We all have blue eyes. In the case of brown eyes, however, a thin layer of brown pigment covers the front surface of the iris (the colored part of the eye). The Strōma laser disrupts this layer of pigment, causing the body to initiate a natural and gradual tissue-removal process. Once the tissue is removed, the patient’s natural blue eye is revealed.
The Strōma procedure is non-invasive. It involves no incisions or injections of any kind. In fact, other than the use of a small device to help keep the patient’s eyelid open during the procedure and the application of a mild topical medication, there is little or no contact with the patient’s eye.
The patient sits in front of the Strōma laser, and his or her head is stabilized. The patient is instructed to direct the untreated eye toward a tiny animation (about 1 cm x 1 cm), located about one foot from the patient’s eye, while the procedure is completed. The procedure is then repeated to treat the other eye.
The treating physician will inform the patient when he or she may drive and return to work. In most cases, the patient should be able to do so shortly after the procedure. For the first week or so following the procedure, the irises will get darker. Thereafter, they will grow progressively lighter, revealing the underlying natural blue color. The full color change process should take two to four weeks following the procedure.
The Strōma procedure is not currently available to the general public. We have completed a preliminary human study to test the safety and efficacy of the procedure and using what we've learned to design and build our next-generation device. Our next steps will be to complete our pilot and pivotal human clinical studies using our new device. Our plan is to treat about 20 patients in our initial pilot clinical study. Following the successful completion of that pilot study we will treat about 100 patients in multiple countries and follow them for a predetermined length of time.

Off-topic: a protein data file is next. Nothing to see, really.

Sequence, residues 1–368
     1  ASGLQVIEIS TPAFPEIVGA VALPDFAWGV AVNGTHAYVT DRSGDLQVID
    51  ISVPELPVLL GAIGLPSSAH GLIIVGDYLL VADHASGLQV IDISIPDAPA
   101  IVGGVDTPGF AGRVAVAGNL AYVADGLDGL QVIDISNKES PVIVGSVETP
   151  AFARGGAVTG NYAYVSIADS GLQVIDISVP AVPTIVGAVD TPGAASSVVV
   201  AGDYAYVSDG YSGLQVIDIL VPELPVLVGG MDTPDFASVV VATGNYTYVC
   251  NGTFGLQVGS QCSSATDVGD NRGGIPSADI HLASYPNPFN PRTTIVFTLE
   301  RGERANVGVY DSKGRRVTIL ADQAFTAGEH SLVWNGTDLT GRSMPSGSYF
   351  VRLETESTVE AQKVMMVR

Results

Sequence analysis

We will release the product when we and the governing regulatory bodies are satisfied with the safety and efficacy of the procedure. Due to the relative cost and complexity of releasing a cosmetic medical device in the United States, we expect to release the procedure outside the United States first. The order of release in the non-U.S. territories will depend on upon the market demand and regulatory environment in each territory. While we are unable to provide a reliable release date at this time, we will be providing periodic progress reports to those who sign up for periodic updates through Strōma Updates.
The Strōma procedure has only undergone limited study in humans, and no adverse events have been reported to date. Before the procedure can be declared safe, it will have to undergo extensive additional testing and satisfy the requirements of multiple regulatory bodies. We will not release the Strōma laser unless and until we and the governing regulatory bodies are satisfied that the procedure is safe and effective.
The Strōma procedure should have no effect on patient vision. The Strōma laser treats only the iris. It does not enter the pupil or treat any portion of the inside of the eye, which is where the nerves affecting vision are located. We will, of course, continue studying any impact on vision throughout our clinical studies.
Some physicians on blogs and elsewhere have suggested that the Strōma procedure could cause pigmentary glaucoma. We were concerned about this issue right from the start, so it was the first issue we tested and measured in our initial pre-clinical and clinical studies. Thus far, pigmentary glaucoma has not proved to be a problem in our pre-clinical or clinical studies. For a more detailed discussion of this issue, please see our FAQ. We have also prepared a PDF presentation on this issue, which you can access here.
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